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New RSHE guidance: what it means for sex education lessons in schools

The government has published a new consultation on proposed changes to the statutory guidance on teaching relationships, sex and health education (RSHE) in schools which signifies a significant change of approach.


All state-funded secondary schools have been required to teach RSHE since 2020. Last year, the government brought forward the first review of the curriculum following reports of pupils being taught inappropriate content in some schools. 

The government consulted with an independent panel of experts to create the new draft guidance and is now asking for views from parents, schools and others before it is finalised. 

What is in the new updated curriculum?

1. Prescribed age limits

The government plans to introduce age limits on when schools can teach certain subjects, leaving far less discretion for schools to decide when to tackle these.  These are set out in a series of tables. 

2. Ban on teaching about gender identity

The guidance states that secondary schools should teach pupils about the protected characteristics in the Equality Act 2010, including gender reassignment, but should not teach them about gender identity including the view that gender is a spectrum. It defines gender identity as the sense a person may have of their own gender, whether male, female or a number of other categories. If pupils ask questions about gender identity, they should be told the facts about biological sex. And, materials that present contested views as fact should not be used, nor should schools use images such as cartoons which can oversimply the issue. 

This is a significant shift from previous guidance which made various references to gender identity and said that sexual orientation and gender identity should be explored at a timely point and in a clear, sensitive and respectful manner. 

It also refers schools to the non-statutory guidance on gender questioning children which has not yet been finalised.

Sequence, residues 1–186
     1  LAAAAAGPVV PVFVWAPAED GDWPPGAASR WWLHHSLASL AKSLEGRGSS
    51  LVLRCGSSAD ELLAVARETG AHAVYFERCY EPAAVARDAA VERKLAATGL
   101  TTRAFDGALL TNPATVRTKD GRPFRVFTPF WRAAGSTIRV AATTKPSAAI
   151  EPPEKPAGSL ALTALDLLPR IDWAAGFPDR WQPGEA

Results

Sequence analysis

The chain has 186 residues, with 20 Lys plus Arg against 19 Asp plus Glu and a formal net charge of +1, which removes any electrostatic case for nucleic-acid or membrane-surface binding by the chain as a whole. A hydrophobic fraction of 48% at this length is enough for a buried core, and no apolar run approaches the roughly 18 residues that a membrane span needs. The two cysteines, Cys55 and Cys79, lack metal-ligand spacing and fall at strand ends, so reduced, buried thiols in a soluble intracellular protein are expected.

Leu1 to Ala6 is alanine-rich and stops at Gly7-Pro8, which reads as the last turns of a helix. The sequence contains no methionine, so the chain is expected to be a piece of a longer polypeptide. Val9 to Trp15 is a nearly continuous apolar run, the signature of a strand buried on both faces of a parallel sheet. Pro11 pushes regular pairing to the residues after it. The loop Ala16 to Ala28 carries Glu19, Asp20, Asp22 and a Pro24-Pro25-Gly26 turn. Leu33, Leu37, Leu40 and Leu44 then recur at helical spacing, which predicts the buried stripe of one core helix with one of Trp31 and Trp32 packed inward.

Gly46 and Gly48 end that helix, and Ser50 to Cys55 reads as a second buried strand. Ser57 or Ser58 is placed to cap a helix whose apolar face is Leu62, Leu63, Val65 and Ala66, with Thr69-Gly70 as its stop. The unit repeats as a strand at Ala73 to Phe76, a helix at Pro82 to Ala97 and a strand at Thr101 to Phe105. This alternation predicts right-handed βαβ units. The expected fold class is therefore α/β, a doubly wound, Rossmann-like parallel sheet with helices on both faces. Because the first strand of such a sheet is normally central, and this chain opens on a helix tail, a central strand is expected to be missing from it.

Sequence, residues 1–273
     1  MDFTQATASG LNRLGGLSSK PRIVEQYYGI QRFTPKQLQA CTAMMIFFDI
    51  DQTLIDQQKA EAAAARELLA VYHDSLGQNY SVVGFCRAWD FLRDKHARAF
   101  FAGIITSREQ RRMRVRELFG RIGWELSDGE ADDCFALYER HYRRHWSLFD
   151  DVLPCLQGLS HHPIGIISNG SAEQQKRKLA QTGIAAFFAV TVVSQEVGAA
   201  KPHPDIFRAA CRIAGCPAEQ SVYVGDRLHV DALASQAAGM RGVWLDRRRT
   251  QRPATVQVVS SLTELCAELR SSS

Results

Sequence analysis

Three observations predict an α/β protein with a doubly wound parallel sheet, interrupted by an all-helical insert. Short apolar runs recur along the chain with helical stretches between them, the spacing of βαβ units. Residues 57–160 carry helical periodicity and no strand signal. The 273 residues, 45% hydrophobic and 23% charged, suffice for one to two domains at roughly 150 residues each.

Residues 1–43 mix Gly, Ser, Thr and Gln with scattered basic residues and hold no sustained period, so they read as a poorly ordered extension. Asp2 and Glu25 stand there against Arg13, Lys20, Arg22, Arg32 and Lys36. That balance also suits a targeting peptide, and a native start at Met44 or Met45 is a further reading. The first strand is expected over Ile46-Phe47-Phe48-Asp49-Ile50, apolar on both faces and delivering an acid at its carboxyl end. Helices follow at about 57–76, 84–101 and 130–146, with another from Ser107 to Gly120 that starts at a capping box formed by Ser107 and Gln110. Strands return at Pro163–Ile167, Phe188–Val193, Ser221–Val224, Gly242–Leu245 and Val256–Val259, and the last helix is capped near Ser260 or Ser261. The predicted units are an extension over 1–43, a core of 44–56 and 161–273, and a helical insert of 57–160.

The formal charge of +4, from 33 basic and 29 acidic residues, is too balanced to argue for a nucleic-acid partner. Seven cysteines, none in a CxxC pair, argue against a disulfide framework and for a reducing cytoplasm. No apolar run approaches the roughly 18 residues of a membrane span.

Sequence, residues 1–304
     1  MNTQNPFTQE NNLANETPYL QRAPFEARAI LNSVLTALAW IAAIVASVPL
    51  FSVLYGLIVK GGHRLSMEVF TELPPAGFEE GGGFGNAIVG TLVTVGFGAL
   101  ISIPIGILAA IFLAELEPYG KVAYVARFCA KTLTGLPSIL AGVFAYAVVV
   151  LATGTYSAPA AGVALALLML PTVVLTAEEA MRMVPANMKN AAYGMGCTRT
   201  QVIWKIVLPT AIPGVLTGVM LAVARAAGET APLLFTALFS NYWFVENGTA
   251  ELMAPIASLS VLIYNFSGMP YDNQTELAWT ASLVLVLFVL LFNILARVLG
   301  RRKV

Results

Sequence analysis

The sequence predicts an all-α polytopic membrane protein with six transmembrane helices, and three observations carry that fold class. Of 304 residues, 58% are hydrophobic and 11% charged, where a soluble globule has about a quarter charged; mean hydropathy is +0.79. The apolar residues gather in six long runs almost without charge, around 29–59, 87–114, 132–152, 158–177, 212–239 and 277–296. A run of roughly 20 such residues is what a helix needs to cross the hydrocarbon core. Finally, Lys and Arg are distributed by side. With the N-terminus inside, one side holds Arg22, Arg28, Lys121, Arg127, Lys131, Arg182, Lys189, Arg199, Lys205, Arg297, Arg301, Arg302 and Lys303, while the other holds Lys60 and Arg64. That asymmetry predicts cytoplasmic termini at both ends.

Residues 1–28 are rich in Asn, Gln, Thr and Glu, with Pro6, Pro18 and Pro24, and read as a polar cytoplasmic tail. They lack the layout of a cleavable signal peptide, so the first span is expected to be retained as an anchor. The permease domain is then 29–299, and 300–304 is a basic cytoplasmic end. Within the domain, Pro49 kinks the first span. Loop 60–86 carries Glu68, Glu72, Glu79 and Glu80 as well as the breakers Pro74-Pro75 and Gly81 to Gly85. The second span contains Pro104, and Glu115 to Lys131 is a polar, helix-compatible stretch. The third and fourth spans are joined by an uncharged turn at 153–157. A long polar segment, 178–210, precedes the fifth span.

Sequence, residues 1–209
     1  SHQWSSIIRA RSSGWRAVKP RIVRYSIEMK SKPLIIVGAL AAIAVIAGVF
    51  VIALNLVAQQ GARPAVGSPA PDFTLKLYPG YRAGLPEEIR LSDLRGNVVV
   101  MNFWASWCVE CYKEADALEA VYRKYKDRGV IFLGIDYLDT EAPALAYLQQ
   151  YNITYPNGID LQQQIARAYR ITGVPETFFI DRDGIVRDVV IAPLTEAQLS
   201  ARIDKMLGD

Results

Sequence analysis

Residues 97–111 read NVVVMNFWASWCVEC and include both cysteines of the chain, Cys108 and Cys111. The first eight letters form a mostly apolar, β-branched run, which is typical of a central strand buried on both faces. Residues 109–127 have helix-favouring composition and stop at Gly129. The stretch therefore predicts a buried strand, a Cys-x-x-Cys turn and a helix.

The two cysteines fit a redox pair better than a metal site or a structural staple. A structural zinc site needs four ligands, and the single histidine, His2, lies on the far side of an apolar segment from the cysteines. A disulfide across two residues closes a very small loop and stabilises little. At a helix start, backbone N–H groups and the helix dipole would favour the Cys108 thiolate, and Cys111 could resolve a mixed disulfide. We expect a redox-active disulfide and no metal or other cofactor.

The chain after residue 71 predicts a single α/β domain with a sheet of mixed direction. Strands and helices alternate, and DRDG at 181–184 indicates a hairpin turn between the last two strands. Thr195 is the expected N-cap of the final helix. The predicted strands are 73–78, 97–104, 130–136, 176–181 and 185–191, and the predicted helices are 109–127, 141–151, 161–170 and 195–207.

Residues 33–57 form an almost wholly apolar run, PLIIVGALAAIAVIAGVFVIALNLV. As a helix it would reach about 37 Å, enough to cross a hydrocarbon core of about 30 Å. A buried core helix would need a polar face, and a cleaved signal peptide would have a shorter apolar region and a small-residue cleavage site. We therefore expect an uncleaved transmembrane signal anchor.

3. Parents should be given access to relevant materials

The guidance for schools also contains a new section on transparency with parents, making it absolutely clear that parents have a legal right to know what their children are being taught in RSHE and can request to see teaching materials. It says that schools who engage third party providers to teach these topics should not agree contractual terms which prohibit them from sharing information with parents. They then suggest that any agreed terms which do this will be “void” due to strong public interest in parents viewing such materials.

4. New subjects to be covered

The government wants views on whether the following new subjects should be added to the curriculum:   

  • Suicide prevention 
  • Sexual harassment and sexual violence, including fixated and obsessive behaviours such as stalking 
  • Loneliness 
  • The prevalence of 'deepfakes’ 
  • Healthy behaviours during pregnancy, as well as miscarriage 
  • Illegal online behaviours including drug and knife supply 
  • The dangers of vaping  
  • Menstrual and gynaecological health including endometriosis, polycystic ovary syndrome (PCOS) and heavy menstrual bleeding. 

What are the age limits?

In primary school, the guidance sets out that subjects such as the risks about online gaming, social media and scams should not be taught before year 3. Puberty shouldn’t be taught before year 4, whilst sex education shouldn’t be taught before year 5, in line with what pupils learn about conception and birth as part of the national curriculum for science. 

In secondary school, issues regarding sexual harassment shouldn’t be taught before year 7, direct references to suicide before year 8 and any explicit discussion of sexual activity before year 9. 

There is some flexibility within the age ratings, as schools will sometimes need to respond to questions from pupils about age-restricted content, if they come up earlier within their school community.  

Do schools have to follow the guidance?

This is draft statutory guidance and, once approved, schools must have regard to it, which means they must follow it unless there are exceptional reasons not to. If you depart from it you will need good evidence to substantiate your approach. 

When will the guidance be approved?

The government has said that it will publish the final version “later this year”. The consultation ends on 11 July 2024. By then we may have a new government which could take a different view.

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